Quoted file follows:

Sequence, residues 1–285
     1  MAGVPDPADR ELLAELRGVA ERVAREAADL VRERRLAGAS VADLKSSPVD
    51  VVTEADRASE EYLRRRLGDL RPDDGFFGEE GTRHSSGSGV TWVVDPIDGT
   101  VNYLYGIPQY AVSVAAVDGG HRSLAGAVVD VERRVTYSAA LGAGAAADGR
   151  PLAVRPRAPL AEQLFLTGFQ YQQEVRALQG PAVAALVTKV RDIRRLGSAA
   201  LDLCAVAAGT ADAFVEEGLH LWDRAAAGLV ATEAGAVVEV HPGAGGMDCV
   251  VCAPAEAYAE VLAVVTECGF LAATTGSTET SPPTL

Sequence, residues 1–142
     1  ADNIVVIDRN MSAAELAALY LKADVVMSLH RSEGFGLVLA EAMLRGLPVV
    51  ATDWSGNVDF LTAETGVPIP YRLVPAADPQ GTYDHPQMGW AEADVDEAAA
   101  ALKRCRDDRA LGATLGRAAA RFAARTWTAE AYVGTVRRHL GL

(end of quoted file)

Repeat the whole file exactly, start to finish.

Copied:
Sequence, residues 1–285
     1  MAGVPDPADR ELLAELRGVA ERVAREAADL VRERRLAGAS VADLKSSPVD
    51  VVTEADRASE EYLRRRLGDL RPDDGFFGEE GTRHSSGSGV TWVVDPIDGT
   101  VNYLYGIPQY AVSVAAVDGG HRSLAGAVVD VERRVTYSAA LGAGAAADGR
   151  PLAVRPRAPL AEQLFLTGFQ YQQEVRALQG PAVAALVTKV RDIRRLGSAA
   201  LDLCAVAAGT ADAFVEEGLH LWDRAAAGLV ATEAGAVVEV HPGAGGMDCV
   251  VCAPAEAYAE VLAVVTECGF LAATTGSTET SPPTL

Sequence, residues 1–142
     1  ADNIVVIDRN MSAAELAALY LKADVVMSLH RSEGFGLVLA EAMLRGLPVV
    51  ATDWSGNVDF LTAETGVPIP YRLVPAADPQ GTYDHPQMGW AEADVDEAAA
   101  ALKRCRDDRA LGATLGRAAA RFAARTWTAE AYVGTVRRHL GL